Now, back to that phone call. Nancy was on the line wondering whether our crew would still be doing our weekly thing or whether it would just feel too strange to go out and have a good time. There were roughly fifteen of us in our so-called crew, most of us college kids. We had a standing mid-week tradition throughout the summer of going to a disco on Erie Boulevard called Uncle Sam’s. Yes, I said disco; it was 1977 after all. Some of the crew skipped a week or two here and there, but there was a core of regulars who showed up week after week. My girlfriend Sandra and I were at the center of that core, along with the aforementioned Nancy, plus Cindy, Doug, Elaine, Artie and Beth. After a whole lot of phone calls back and forth amongst the crew, we ultimately decided we’d stick to our plans and go to the club. We danced to the boom boom boom of Disco music, drank cheap mixed drinks, and talked in shouted conversations in order to be heard over the loud music, same as always. The club had a long narrow raised dance floor with bright colorful lighting underneath to go along with the flashing lights from up above. It was a catwalk of sorts, where we could show off our best, and sometimes worst, dance moves. (Remember the Bump? Or the Hustle? Or shaking your groove thing?) So even though there was an odd feeling in the air that night, it was still business as usual: music played, people danced. Men and women flirted. Drinkers drank—some in moderation, others excessively.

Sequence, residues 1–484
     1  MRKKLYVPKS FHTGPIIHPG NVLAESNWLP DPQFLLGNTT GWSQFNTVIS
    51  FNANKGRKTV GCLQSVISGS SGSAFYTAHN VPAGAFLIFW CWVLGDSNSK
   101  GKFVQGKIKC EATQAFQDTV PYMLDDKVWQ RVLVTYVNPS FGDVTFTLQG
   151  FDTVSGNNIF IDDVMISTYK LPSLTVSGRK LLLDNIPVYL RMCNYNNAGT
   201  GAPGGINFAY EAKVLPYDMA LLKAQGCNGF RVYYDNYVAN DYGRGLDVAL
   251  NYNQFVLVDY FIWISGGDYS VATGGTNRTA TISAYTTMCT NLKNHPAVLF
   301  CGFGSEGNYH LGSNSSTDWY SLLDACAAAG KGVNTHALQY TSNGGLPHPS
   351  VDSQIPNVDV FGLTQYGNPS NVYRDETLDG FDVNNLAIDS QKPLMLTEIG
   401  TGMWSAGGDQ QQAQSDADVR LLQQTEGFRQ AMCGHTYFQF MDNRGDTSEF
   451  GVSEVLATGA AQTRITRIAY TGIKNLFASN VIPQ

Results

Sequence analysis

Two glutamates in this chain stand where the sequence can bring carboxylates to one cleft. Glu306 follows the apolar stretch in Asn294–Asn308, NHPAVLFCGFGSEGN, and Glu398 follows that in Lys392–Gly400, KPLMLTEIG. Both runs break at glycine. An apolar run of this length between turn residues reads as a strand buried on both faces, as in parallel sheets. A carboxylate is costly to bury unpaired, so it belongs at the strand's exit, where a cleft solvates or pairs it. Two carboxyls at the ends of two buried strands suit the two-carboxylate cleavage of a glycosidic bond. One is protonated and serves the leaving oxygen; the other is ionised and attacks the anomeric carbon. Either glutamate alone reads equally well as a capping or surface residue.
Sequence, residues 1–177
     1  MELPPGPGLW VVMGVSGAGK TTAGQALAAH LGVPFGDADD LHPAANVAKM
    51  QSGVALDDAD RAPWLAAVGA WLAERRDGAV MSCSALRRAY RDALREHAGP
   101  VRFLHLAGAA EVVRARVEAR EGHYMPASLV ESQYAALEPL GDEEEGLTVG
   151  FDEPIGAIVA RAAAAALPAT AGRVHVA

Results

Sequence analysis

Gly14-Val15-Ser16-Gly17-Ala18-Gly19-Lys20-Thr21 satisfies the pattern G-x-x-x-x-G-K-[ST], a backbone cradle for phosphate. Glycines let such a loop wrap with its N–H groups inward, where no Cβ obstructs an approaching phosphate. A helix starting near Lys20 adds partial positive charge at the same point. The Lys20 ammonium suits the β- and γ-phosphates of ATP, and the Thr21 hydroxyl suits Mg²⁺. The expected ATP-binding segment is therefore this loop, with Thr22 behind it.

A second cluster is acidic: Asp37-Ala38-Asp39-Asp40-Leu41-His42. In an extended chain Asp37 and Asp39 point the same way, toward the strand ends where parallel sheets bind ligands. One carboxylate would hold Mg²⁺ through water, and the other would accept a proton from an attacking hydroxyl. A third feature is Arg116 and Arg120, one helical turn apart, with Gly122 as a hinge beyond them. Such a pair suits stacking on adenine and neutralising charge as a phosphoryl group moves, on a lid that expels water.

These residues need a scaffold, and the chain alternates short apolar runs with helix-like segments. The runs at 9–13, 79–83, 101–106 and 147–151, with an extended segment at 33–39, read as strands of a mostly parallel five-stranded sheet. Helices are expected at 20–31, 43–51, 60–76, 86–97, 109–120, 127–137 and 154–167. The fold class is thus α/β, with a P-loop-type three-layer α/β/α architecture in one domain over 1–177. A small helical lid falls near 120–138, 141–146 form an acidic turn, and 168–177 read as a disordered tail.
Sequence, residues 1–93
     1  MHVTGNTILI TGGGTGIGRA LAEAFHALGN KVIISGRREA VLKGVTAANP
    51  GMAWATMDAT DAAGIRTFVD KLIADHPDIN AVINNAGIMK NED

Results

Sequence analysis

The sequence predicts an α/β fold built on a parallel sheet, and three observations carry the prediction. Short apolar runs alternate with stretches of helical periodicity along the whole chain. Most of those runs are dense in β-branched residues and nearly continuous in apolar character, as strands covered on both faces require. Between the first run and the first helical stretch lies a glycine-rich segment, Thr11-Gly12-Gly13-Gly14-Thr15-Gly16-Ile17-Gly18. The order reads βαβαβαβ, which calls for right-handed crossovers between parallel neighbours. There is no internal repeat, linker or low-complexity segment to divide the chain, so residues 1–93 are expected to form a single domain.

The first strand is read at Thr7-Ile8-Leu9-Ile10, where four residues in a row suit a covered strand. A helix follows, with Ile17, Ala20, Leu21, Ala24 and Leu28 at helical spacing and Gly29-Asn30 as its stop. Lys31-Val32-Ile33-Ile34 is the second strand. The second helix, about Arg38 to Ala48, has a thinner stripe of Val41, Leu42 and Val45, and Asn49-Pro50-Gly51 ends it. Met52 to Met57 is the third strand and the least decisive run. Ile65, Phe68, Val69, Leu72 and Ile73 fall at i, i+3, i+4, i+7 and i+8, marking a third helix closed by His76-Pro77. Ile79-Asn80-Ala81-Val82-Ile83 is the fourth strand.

Abruptly, the boom boom boom of the Disco beat came to a halt, and the deejay broke with the club’s steadfast policy of only playing Disco to play an Elvis Presley song. I cannot remember what song it was, but I do remember the uproar of cheers. People who weren’t already dancing, rushed in, overcrowding the space, with some being forced to dance along the sides of the raised dance floor. Sandra and I were on that crowded dance floor, crammed in like gyrating sardines, all of us dancing to an Elvis Presley song on the night the angels took away Rock ‘n’ Roll’s original King. Yeah, that was roughly 44 years ago.

 

Paul Germano lives in Syracuse, smack dab in the center of New York State, with his dog April, a beautiful, strong and lovable Pit Bull mix. Germano’s fiction has been published or is forthcoming in roughly 40 print and online magazines, including Boston Literary Magazine, Bright Flash Literary Review, The Drabble, The Fictional Café, Flash in a Flash, Free Flash Fiction, Microfiction Monday Magazine, Sledgehammer Literary Journal and VIA: Voices in Italian Americana. In his nonfiction adventures, Germano has worked as an editor/writer for Le Moyne College, Syracuse University and The Catholic Sun. As well, he freelanced for Syracuse New Times, The Post-Standard and Stars Magazine.